Given the distinctly non-winter weather conditions in which I ventured out in, I didn’t happen to directly observe any species displaying thermoregulating behavior. However, I imagine had the weather been twenty to thirty degrees colder I almost surely would’ve observed the Northern Cardinals with their feather puffed up to increase insulation or would’ve seen the Mergansers sunning themselves or propped up on one leg with their beak tucked in their feathers to reduce heat loss. I also might not have observed the woodpeckers if instead they had been using their time to rest in a cavity rather than expending the energy to find food. However, the sighting of the Hairy Woodpecker at the feeder does display a change in the species diet as a result of season. This individual was most likely opportunistically feeding on the seeds and suet due to a lack of grubs and other bugs in the dead and decaying trees. This behavior highlights how the seasonal change forces species to change their diet more toward what food is immediately available, as opposed to finding the highest quality food or what is their favorite.
During my walk, my snag count did not go very high, however I did observe the Downy Woodpecker pecking on a snag as well as several other snags with Woodpecker holes. These downed and decaying limbs provide both habitat and feed for a variety of cavity-nesting and grub-eating species with both of these types of species most likely to use them.

Posted on March 06, 2020 13:05 by tmaronadk tmaronadk | 8 observations | 1 comments | Leave a comment

February 20, 2020

Birding Expedition 1: Hurricane Mountain

Thomas Maron
Field Journal 1:

My first birding outing took place on Hurricane Mountain in Keene, NY in the Adirondack Park. The weather was 25 degrees and sunny with occasional gusts of wind up to 5 or 7 miles an hour. The overall outing was about four hours long with three dedicated half hour stops to observe the birds. The first of these was in a coniferous forest at lower elevation in close proximity to a small stream and several wetlands. The second stop was on the edge of a large wetland at slightly higher elevation with a more mixed canopy profile, the trees here were mainly younger saplings. The third stop was the highest in elevation and was in a mixed deciduous and coniferous forest with both older and younger trees. This third stop displayed the greatest diversity of species, as the two first observations yielded only Black-capped Chickadees sightings, though their characteristic call was on full display.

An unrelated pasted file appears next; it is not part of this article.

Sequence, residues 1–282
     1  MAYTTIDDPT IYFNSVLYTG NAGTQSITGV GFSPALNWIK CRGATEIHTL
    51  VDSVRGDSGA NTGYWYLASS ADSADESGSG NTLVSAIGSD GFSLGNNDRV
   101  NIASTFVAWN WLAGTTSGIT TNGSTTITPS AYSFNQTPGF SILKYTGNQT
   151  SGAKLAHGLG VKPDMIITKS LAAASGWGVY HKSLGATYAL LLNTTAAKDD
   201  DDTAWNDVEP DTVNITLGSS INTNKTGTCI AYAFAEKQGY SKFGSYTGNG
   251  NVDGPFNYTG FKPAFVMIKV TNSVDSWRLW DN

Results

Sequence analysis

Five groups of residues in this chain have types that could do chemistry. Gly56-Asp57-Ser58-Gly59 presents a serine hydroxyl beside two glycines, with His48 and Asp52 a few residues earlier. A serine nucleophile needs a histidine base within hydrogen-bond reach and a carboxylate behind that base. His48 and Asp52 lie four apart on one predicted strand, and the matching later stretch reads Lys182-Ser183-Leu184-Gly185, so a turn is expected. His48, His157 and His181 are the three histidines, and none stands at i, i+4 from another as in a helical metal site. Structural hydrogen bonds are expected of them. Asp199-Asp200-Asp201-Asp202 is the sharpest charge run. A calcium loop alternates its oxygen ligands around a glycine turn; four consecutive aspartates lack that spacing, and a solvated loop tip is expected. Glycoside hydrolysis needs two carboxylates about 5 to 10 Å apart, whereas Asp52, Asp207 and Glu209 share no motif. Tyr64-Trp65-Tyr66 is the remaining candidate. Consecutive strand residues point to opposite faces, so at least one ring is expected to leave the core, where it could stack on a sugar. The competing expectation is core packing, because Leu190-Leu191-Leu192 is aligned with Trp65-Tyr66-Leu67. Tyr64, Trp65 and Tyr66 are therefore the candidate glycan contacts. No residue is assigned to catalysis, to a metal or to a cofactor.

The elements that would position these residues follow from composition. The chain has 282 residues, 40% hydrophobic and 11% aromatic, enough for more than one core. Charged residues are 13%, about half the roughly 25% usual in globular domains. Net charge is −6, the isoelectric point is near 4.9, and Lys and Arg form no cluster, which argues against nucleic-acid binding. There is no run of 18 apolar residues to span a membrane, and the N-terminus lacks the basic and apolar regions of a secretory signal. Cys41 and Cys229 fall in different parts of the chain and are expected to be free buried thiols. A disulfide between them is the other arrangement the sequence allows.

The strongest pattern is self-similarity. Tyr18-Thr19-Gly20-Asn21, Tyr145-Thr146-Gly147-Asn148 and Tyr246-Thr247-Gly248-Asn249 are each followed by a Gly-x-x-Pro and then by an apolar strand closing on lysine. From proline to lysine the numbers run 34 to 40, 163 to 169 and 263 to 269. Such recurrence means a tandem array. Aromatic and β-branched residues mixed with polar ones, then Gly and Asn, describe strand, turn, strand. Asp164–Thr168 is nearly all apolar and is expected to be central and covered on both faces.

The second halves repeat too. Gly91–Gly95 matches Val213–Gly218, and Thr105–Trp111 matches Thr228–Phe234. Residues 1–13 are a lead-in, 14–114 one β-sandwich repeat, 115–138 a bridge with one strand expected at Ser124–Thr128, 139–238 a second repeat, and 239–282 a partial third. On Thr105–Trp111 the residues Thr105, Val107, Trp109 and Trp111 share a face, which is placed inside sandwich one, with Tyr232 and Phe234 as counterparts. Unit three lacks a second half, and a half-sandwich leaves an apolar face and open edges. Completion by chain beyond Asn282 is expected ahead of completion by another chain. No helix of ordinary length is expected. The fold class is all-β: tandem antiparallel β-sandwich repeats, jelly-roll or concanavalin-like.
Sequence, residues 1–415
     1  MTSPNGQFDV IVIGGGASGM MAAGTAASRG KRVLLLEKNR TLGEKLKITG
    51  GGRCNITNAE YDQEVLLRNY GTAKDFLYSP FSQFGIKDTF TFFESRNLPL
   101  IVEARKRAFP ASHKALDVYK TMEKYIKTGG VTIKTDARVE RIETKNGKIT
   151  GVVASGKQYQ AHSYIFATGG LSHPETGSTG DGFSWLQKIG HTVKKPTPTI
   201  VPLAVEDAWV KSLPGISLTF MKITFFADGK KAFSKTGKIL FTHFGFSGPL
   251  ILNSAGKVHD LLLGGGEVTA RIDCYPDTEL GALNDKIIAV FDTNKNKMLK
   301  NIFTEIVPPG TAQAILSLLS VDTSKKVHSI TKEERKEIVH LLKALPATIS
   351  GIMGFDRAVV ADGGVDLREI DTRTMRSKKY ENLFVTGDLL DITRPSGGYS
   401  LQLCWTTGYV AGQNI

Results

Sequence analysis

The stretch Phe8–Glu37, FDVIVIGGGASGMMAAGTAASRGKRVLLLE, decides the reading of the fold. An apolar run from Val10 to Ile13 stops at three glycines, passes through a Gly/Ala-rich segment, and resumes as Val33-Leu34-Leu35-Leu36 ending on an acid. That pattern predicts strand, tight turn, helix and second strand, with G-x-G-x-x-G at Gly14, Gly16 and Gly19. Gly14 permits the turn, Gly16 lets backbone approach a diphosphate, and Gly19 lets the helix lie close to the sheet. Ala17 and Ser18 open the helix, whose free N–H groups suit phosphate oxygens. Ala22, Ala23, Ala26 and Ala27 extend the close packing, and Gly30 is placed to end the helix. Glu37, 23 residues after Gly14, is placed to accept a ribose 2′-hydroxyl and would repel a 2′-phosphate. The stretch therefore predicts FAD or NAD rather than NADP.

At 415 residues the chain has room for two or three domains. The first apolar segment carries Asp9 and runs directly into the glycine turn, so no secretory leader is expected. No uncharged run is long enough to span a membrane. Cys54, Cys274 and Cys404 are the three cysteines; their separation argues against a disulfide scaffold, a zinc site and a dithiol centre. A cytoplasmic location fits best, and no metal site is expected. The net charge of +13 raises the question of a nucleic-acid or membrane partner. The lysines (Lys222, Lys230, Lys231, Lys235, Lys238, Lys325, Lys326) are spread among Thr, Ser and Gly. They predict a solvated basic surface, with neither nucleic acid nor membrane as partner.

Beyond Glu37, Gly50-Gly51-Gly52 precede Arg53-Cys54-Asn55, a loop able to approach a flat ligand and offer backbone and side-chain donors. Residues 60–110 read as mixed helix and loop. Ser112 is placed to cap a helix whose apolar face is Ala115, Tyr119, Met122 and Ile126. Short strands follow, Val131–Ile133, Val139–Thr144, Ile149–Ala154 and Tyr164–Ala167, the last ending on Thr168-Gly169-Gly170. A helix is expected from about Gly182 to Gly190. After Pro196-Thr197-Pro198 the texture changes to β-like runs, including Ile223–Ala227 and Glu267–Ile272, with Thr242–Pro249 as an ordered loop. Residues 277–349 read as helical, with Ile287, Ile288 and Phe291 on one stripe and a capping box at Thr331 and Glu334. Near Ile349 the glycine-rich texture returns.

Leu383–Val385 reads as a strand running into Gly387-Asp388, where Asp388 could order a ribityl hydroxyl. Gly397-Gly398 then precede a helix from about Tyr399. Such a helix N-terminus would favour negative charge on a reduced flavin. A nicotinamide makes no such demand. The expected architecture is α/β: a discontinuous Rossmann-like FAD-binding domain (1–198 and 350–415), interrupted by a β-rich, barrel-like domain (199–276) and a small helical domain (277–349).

Since the bird observed most frequently was the Chickadee I was able to gain a better understanding of its’ patterns of flight than the two other species I saw. The Chickadee largely “flitted” around, flying rapidly from branch to branch. The individuals would flap frequently, rarely, if ever, gliding and would keep their wings extended out far from their body in flight. This was in stark contrast to the flight of the female Hairy Woodpecker I saw. Her flight was smooth and in flight she would flap, pull her wings in close to her body, and then extend her wings again to make another flap. This pattern made her individuals flaps noticeable and her flight patterned in this cyclic way. She flew in very direct, straight lines, whereas the Chickadee, busily buzzed to-and-fro frenetically. Along with this the Chickadee clearly flapped more frequently and could be seen throughout the vertical profile of the forest, while the Woodpecker flapped less often and was only observed in the higher canopy.
The contrasting features of flight displayed by these two species can be attributed to several factors that are all related. The differing morphology of these two species in wing and body size can explain some parts of these differences. Specifically, that the longer wings and larger body of the Woodpecker make it better suited for gliding and flying in straighter lines, while the smaller wings and body of the Chickadee ensure that it can swiftly change direction but is ill-suited to glide. The contrasting morphology ties directly into the habitat niches of these two species. The Chickadees were observed largely in denser brush flying quickly from branch to branch or branch to ground, while the Woodpecker flew only high in the canopy where there were larger spaces and clearer flight paths. These different niches require different patterns of flight which further requires a specific morphology to be best suited for this habitat. In this case, the smaller, shorter wings of the Chickadee make rapid flight in tight spaces easy, whereas the larger, longer wings of the Woodpecker predispose it to be suited for gliding in the open spaces of the canopy. The characteristics of both birds’ flight highlight the somewhat cyclic relationship between pattern of flight, habitat niche, and wing morphology. Habitat niche necessitates a certain style of flight which is best suited by a specific wing shape which ensures that the species is successful in that habitat. The contrasting methods of flight between these two species effectively illustrated the complex, yet fascinating relationship between morphological adaptions and physical habitat.

Posted on February 20, 2020 03:25 by tmaronadk tmaronadk | 4 observations | 1 comments | Leave a comment